I wanted to treat you first to this image of Queen Victoria dancing the can-can with three other heads of state, including French president Loubet, and performing a very impressive split. Meanwhile a freakishly tall and very creepy Kaiser Wilhelm peeps over a fence. You’re welcome.
A while ago I looked at how newspaper Le Petit Parisien visualised the year 1900 through the covers of their illustrated supplement. I enjoyed that so much that I have decided to make this a somewhat regular feature. So here is the second post in the series The year 1900 in…This time I have picked the satirical weekly La Caricature (1880-1904). You can find all the issues here on Gallica.
La Caricature had an illustrious predecessor, the first La Caricature (1830-1843), known for its famous political cartoons by Daumier. The second La Caricature was run by Alfred Robida who by the way was also a great science-fiction writer. The weekly periodical had a lot of success in the 1880’s and attracted talented artists. By 1900 weekly however it had switched from colour to black and white, Alfred Robida had left, and with him many of the talent. Nevertheless the now cheaper weekly was still a familiar sight in the kiosks of Paris. And in 1900 readers of La Caricature were treated to fifty shades of Queen Victoria who was a regular guest star on the cover. Most of La Caricature’s covers deal with the international conflicts headlining in 1900 – the Second Boer War, the Boxer Rebellion. Victoria of course appears on these covers as a symbol of the inescapable dominance of the British Empire. While the caricatures of other heads of state still appear more or less humanly shaped, Queen Victoria looks more like John Tenniel’s Queen of Hearts from Alice’s Adventures in Wonderland. Probably not a coincidence. In any case, Victoria had become such an iconic figure that she was instantly recognisable to everyone. And sold papers no doubt.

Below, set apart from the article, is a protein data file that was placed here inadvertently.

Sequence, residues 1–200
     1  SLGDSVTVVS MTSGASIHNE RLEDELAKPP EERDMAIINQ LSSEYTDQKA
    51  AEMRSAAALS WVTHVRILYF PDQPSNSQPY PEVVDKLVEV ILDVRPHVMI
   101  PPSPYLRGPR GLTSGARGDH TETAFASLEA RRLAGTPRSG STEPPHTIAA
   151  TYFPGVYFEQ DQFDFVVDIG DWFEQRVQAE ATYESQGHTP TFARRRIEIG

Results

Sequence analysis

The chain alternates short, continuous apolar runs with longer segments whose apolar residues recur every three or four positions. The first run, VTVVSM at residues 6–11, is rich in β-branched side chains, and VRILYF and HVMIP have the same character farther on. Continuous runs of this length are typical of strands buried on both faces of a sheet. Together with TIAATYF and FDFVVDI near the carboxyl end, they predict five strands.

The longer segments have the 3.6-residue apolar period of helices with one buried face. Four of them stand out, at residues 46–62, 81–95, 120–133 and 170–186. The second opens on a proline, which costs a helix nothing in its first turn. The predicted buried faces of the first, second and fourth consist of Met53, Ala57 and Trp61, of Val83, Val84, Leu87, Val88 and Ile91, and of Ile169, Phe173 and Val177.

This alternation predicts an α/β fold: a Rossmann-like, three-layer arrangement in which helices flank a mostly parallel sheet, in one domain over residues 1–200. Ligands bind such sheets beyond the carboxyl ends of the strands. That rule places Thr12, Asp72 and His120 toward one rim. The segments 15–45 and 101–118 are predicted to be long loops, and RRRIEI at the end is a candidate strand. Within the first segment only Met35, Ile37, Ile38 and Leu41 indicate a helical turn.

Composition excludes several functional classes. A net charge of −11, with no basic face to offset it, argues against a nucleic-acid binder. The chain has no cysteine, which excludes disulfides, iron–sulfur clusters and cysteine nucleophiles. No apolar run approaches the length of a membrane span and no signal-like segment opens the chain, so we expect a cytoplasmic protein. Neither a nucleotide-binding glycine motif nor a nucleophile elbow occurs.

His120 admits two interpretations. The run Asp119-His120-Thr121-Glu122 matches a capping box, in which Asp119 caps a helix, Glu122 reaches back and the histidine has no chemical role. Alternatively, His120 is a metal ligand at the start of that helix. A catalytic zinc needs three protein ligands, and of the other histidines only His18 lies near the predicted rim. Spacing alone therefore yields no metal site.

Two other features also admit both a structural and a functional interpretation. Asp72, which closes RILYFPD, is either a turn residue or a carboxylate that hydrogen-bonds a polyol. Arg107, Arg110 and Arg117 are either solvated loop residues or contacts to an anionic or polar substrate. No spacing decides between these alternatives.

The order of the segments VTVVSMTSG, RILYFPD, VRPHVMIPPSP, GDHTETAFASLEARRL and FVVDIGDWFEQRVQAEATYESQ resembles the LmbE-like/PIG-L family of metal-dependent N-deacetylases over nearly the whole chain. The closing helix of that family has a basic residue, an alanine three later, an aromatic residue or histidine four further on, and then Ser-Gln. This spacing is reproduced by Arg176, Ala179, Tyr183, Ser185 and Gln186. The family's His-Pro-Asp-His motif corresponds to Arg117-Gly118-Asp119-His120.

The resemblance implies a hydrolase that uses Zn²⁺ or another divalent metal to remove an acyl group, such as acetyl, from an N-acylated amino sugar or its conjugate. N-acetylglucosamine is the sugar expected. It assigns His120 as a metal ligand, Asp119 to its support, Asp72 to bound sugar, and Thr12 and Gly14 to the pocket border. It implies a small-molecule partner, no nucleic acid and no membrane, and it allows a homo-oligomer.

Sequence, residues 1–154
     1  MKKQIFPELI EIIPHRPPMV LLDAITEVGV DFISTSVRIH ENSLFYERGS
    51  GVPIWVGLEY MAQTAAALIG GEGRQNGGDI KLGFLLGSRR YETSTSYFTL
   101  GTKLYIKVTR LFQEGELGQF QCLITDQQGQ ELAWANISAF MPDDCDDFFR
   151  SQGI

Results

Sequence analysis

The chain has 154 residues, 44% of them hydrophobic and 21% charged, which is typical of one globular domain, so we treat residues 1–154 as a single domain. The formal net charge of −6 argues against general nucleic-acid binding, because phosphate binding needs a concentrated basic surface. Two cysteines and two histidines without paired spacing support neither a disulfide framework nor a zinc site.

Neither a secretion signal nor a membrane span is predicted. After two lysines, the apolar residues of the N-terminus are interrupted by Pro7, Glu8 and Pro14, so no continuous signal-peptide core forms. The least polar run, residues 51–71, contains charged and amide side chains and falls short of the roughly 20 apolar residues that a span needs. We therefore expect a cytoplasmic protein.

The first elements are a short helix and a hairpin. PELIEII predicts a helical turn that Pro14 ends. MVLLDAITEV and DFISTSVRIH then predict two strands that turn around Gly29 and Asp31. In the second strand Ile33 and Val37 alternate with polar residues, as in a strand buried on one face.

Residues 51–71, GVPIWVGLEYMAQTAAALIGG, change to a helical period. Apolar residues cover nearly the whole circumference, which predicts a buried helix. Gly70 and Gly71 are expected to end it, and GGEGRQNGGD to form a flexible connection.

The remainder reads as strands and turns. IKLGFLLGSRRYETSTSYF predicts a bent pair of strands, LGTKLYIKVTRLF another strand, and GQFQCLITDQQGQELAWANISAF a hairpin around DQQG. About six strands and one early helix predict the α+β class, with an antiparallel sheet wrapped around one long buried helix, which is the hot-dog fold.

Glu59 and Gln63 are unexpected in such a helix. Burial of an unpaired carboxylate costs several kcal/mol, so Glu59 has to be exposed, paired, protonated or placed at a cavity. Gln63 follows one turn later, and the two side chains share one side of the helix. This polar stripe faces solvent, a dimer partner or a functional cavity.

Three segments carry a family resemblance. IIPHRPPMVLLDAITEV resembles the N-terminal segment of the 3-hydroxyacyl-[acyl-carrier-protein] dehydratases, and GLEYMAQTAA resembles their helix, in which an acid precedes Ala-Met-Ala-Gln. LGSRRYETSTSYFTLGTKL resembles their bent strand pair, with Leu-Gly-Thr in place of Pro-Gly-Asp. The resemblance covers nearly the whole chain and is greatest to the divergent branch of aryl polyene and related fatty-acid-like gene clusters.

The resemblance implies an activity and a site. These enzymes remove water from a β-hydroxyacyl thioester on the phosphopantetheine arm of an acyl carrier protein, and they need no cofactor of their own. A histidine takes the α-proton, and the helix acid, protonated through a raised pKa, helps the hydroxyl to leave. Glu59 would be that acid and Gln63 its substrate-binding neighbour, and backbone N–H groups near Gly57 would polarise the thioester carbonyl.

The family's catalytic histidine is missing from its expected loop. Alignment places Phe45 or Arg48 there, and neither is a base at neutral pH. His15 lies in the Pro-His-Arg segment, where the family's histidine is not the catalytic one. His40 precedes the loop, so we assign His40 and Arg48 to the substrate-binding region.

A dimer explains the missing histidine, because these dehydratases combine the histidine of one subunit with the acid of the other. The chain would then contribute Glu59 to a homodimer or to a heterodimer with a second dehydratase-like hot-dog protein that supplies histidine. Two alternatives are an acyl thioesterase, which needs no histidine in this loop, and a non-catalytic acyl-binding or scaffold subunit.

The illustrators of La Caricature clearly enjoyed making her look as comical as possible and placing her in what they saw as humiliating situations. All in an effort to debunk her and the power she symbolised.
Were there covers without Victoria on it? Yes, of course. Other covers with British figures and symbols for example.
Any covers without anything British then? Well…
La Caricature clearly had some deep unresolved issues with Victoria and Britain. And probably with the fact that France felt it was playing second fiddle in international politics.
Let’s end on a serious note though. These covers do show the volatile geopolitical situation of the time and the imperialist pissing contests – or football matches – that continued to dominate international politics. Power games that would, ultimately, lead to more conflict and war.
The fact that Wilhelm is made to watch while Victoria and her band of merry men dance the can-can together also takes on an ominous meaning when you know what’s to come. Lesson: invite everyone to your can-can party or there will be trouble.